I started with a book called Inside the Victorian Home by Judith Flanders and built a place in my head.  Sean Stewart (Perfect Circle, Mockingbird, and several other good novels) and I talked about it and he told me some wonderful details from Sherlock Holmes.  There’s apparently a moment in Sherlock Holmes where Holmes drags Watson to an alley in London and in the middle of the day, dramatically lights a match to reveal something written on the wall.  London fog (which we would call smog) was apparently quite a thing.

And of course, there’s the internet.  Once I had a place and a character, I started the story, and then as things came up in the story (like a trip to Brighton) I researched more about that.

Charles Tan: How did you develop Laura Anne as a character?

Maureen McHugh: Laura Anne comes from a couple of things.  One is this setting.  Because I knew about middle class and upper middle class Victorian life, I set my story in that milieu.  The other was that I’d worked with a person I believe is a clinical narcissist.  The word gets thrown around a lot, but in my life I’ve only known one person like this.  (Although I work in Los Angeles where I am told they abound.)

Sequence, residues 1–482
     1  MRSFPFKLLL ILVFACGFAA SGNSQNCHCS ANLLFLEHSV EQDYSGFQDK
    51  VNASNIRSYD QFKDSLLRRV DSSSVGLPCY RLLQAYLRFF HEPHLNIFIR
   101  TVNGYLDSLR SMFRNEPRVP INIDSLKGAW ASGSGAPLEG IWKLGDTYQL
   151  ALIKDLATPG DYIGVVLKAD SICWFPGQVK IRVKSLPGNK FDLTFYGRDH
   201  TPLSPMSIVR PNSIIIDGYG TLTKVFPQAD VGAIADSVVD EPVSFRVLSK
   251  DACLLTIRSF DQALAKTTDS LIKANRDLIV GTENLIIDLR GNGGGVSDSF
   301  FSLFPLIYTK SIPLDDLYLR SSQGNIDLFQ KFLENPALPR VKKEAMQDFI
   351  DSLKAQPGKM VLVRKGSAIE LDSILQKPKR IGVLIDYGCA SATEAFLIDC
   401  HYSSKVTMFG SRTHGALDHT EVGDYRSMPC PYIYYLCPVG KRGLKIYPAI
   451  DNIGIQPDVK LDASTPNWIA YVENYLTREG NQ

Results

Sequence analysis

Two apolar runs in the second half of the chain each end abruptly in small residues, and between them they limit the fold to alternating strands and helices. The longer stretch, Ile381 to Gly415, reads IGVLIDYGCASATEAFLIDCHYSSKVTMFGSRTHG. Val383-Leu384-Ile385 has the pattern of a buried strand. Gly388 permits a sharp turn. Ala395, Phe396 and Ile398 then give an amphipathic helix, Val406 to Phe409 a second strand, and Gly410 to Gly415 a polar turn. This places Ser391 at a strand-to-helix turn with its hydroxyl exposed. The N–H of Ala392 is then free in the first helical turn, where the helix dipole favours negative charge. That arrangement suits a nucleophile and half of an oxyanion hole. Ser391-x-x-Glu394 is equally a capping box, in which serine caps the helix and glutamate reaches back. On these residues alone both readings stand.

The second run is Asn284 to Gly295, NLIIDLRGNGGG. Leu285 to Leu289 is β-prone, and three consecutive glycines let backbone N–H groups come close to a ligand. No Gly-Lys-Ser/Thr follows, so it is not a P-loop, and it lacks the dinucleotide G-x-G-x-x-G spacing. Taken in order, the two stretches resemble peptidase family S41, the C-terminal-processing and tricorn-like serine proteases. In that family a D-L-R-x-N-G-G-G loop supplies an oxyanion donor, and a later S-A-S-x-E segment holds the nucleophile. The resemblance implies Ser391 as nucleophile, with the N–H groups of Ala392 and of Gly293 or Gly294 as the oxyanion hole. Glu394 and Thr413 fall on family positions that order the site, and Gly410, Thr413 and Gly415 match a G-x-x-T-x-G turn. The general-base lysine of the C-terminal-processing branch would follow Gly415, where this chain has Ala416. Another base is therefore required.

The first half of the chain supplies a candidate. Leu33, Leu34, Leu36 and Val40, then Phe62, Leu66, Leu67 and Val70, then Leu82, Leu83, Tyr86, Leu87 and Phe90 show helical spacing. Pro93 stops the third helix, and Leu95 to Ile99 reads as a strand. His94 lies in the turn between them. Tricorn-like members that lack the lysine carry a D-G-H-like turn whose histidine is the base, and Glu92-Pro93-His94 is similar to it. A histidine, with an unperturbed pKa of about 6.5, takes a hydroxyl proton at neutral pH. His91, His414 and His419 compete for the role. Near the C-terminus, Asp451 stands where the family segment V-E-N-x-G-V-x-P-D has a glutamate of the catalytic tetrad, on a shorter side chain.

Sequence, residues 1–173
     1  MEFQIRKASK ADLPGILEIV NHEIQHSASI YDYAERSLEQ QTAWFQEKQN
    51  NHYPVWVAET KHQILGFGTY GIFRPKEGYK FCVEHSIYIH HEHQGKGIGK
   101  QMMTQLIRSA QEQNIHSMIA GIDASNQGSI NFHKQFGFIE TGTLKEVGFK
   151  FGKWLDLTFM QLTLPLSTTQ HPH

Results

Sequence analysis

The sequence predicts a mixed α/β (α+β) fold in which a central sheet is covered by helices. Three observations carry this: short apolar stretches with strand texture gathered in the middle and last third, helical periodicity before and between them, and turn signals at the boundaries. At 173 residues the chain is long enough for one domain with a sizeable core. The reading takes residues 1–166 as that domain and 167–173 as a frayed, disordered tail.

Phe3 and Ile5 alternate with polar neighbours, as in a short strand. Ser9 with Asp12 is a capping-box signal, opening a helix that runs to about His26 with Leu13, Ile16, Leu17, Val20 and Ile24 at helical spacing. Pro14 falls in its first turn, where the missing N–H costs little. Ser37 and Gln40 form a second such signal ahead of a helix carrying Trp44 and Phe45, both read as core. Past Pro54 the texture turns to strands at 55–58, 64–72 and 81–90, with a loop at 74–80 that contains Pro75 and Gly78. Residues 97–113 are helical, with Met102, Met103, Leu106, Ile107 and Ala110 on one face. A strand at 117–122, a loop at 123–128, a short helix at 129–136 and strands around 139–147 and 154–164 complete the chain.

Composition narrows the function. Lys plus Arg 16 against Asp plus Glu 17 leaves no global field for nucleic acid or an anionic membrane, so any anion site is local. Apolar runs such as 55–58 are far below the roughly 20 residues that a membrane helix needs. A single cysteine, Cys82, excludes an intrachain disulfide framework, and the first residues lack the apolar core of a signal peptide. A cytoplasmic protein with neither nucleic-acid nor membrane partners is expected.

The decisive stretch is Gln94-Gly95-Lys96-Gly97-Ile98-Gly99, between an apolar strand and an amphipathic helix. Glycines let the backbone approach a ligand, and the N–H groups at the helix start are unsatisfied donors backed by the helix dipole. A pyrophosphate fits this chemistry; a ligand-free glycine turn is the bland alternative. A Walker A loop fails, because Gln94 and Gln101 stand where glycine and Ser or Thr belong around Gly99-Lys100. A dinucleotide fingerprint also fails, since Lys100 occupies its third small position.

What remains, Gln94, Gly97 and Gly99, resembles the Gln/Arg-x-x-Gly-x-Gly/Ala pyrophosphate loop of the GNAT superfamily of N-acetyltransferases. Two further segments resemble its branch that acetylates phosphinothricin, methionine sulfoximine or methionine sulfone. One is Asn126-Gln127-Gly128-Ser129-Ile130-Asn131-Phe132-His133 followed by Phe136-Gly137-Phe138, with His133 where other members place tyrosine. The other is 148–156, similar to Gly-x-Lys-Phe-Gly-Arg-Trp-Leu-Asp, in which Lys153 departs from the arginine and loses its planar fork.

I didn’t understand a lot of the things this person did or why they thought the way they did.  They say ‘write what you know’ but I usually write to figure things out.  (It doesn’t mean I do figure them out, it just gives me a way to grapple with what I’m trying to figure out.)  Laura Anne is impulsive, has difficulty empathizing with others, and is selfish and amoral.  Today she’d be diagnosed as…something.  I don’t know exactly what.

That kind of character is going to make things happen.  All she needs is to want something.

Charles Tan: How did you decide that the scrapbook would be Laura Anne’s source of magic?

Maureen McHugh: Honestly, when I found out that the Victorians were kind of mad for scrapbooking I was charmed and delighted.  Scrapbooking is huge right now (huge and denigrated, ‘craft’ rather than ‘art’, a female thing.)  I have this love/hate relationship with scrapbooking.  Part of me thinks it’s awesome and part of me thinks it’s dorky.  I’m not a fan of the prevailing aesthetic and yet, some of the work is really amazing.  Imagine Joseph Cornell, the artist who made the little boxes, as a scrapbooker or scraper.